Kinetics and kinematics of the passage


Equine Department, Vetsuisse Faculty University of Zurich, CH-8057 Zurich, Switzerland


Reasons for performing study: The load acting on the limbs and the load distribution between fore- and hindlimbs while performing specific dressage exercises lack objective assessment.

Hypothesis: The greater a horse's level of collection, the more load is shifted to the rear and that during the passage the vertical load on the limbs increases in relation to the accentuated vertical movement of the centre of mass.

Methods: Back and limb kinematics, vertical ground reaction force and time parameters of each limb were measured in 6 Grand Prix dressage horses performing on an instrumented treadmill at the trot and the passage. Horses were ridden by their own professional rider.

Results: At the passage, horses moved at a slower speed (−43.2%), with a lower stride frequency (−23.6%) and, therefore, higher stride impulses (+31.0%). Relative stance duration of fore- and hindlimbs and suspension duration remained unchanged. While at the trot the diagonal limbs impacted almost simultaneously, the hindlimbs always impacted first at the passage; the time dissociation between landing and lift-off remained unchanged. Because of the prolonged stride duration, stride impulse and consequently limb impulses were higher at the passage in the fore- as well as in the hindlimbs (+24.8% and +39.9%, respectively). Within the diagonal limb pair, load was shifted from the forehand to the hindquarters (percentage stride impulse carried by the forehand −4.8%). Despite the higher impulses, peak vertical forces in the fore- and hindlimbs remained unchanged because of the prolonged absolute stance durations in fore- and hindlimbs (+28.1% and +32.2%, respectively).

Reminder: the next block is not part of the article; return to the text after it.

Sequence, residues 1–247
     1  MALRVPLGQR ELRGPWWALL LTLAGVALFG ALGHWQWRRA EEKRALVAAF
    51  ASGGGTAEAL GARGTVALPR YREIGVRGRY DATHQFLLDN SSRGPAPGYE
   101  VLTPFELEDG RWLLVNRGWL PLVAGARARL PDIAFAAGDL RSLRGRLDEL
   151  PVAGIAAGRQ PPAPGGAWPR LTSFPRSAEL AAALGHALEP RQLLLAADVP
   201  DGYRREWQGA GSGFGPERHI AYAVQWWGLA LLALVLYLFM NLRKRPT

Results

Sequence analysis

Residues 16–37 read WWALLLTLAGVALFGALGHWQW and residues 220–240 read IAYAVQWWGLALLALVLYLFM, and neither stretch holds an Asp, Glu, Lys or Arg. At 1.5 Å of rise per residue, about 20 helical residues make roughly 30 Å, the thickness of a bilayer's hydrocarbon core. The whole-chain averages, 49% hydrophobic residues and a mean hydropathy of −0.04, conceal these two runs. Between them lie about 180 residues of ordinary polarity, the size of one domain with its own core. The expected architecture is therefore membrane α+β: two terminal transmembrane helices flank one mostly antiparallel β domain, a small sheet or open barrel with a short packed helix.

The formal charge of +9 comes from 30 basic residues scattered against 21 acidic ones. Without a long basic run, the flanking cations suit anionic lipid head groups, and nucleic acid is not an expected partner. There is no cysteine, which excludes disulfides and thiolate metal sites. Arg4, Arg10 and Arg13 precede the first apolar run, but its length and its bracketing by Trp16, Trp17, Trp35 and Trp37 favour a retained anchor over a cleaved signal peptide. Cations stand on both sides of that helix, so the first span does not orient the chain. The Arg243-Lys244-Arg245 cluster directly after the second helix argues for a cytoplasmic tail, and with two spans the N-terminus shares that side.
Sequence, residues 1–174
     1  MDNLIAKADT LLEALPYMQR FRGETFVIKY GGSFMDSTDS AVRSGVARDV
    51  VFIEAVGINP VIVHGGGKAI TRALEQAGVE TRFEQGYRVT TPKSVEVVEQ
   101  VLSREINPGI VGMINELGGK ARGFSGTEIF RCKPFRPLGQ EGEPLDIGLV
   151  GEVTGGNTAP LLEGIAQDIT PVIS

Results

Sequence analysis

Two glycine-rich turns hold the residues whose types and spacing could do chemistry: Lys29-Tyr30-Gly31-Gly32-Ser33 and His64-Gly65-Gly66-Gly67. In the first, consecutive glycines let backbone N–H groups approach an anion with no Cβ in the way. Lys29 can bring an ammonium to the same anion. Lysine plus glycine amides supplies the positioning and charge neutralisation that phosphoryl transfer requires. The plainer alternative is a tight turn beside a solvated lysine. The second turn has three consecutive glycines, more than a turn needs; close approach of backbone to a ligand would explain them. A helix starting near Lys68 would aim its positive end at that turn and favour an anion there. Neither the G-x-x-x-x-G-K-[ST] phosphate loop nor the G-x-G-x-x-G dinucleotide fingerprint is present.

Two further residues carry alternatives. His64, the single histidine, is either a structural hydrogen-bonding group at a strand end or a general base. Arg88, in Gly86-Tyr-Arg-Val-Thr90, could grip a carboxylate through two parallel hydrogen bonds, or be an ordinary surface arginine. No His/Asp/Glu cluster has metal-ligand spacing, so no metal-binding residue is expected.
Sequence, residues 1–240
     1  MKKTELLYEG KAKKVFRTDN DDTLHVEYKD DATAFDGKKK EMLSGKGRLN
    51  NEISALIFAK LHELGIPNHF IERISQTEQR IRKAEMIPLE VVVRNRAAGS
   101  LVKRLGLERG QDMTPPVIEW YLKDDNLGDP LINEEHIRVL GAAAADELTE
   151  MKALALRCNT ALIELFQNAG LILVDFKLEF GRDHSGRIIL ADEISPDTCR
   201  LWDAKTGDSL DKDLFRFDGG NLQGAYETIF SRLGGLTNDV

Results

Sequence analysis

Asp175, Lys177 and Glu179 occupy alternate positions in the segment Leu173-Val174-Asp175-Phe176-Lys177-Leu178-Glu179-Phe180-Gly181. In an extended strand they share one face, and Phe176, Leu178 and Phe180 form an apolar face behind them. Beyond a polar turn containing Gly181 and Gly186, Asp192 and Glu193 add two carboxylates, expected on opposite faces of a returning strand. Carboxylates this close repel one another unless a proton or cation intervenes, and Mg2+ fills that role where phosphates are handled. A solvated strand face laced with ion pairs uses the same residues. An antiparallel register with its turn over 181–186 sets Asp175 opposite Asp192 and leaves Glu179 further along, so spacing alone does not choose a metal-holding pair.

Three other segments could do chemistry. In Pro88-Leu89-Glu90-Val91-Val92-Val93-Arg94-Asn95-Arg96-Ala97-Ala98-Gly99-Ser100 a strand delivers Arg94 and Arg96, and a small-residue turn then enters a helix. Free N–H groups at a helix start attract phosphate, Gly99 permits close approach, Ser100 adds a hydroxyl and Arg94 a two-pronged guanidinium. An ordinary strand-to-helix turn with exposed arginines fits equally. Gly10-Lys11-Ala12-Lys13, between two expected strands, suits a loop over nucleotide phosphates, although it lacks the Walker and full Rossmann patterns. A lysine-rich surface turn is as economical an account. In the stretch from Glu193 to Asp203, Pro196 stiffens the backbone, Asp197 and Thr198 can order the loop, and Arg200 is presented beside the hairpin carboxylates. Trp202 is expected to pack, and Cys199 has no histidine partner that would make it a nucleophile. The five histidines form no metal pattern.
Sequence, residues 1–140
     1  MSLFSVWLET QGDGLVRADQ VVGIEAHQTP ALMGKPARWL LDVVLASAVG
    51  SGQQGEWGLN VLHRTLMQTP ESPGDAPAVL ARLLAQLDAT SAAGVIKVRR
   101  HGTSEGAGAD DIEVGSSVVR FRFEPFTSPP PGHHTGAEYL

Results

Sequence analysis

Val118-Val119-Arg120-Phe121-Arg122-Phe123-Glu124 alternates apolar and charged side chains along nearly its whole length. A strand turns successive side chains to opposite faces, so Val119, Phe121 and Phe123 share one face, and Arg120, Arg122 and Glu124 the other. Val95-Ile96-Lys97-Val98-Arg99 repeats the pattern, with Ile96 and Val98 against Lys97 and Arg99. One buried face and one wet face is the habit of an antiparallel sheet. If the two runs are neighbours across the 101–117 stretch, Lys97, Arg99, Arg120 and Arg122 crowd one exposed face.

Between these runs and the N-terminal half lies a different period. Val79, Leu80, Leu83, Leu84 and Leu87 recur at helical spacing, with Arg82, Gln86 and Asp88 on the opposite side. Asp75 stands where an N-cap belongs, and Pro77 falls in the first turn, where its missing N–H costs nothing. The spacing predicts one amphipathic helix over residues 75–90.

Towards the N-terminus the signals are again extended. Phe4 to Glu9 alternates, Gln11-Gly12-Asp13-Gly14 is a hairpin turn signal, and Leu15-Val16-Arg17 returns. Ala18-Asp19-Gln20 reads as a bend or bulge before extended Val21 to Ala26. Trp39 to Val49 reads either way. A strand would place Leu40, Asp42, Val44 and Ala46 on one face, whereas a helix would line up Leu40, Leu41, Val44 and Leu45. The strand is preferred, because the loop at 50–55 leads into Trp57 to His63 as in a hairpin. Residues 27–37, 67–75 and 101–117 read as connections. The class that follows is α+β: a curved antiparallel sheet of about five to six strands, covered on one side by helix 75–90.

Conclusions: Based on the intralimb timing, the passage closely resembles the trot. Compared to other head-neck positions, the higher degree of collection resulted in a pronounced shift in impulse towards the hindquarters. Despite the higher limb impulses, peak forces acting on the limbs were similar to those observed at the trot.

Potential clinical relevance: An understanding of load distribution between fore- and hindlimbs in relation to different riding techniques is crucial to prevent wear-and-tear on the locomotor apparatus.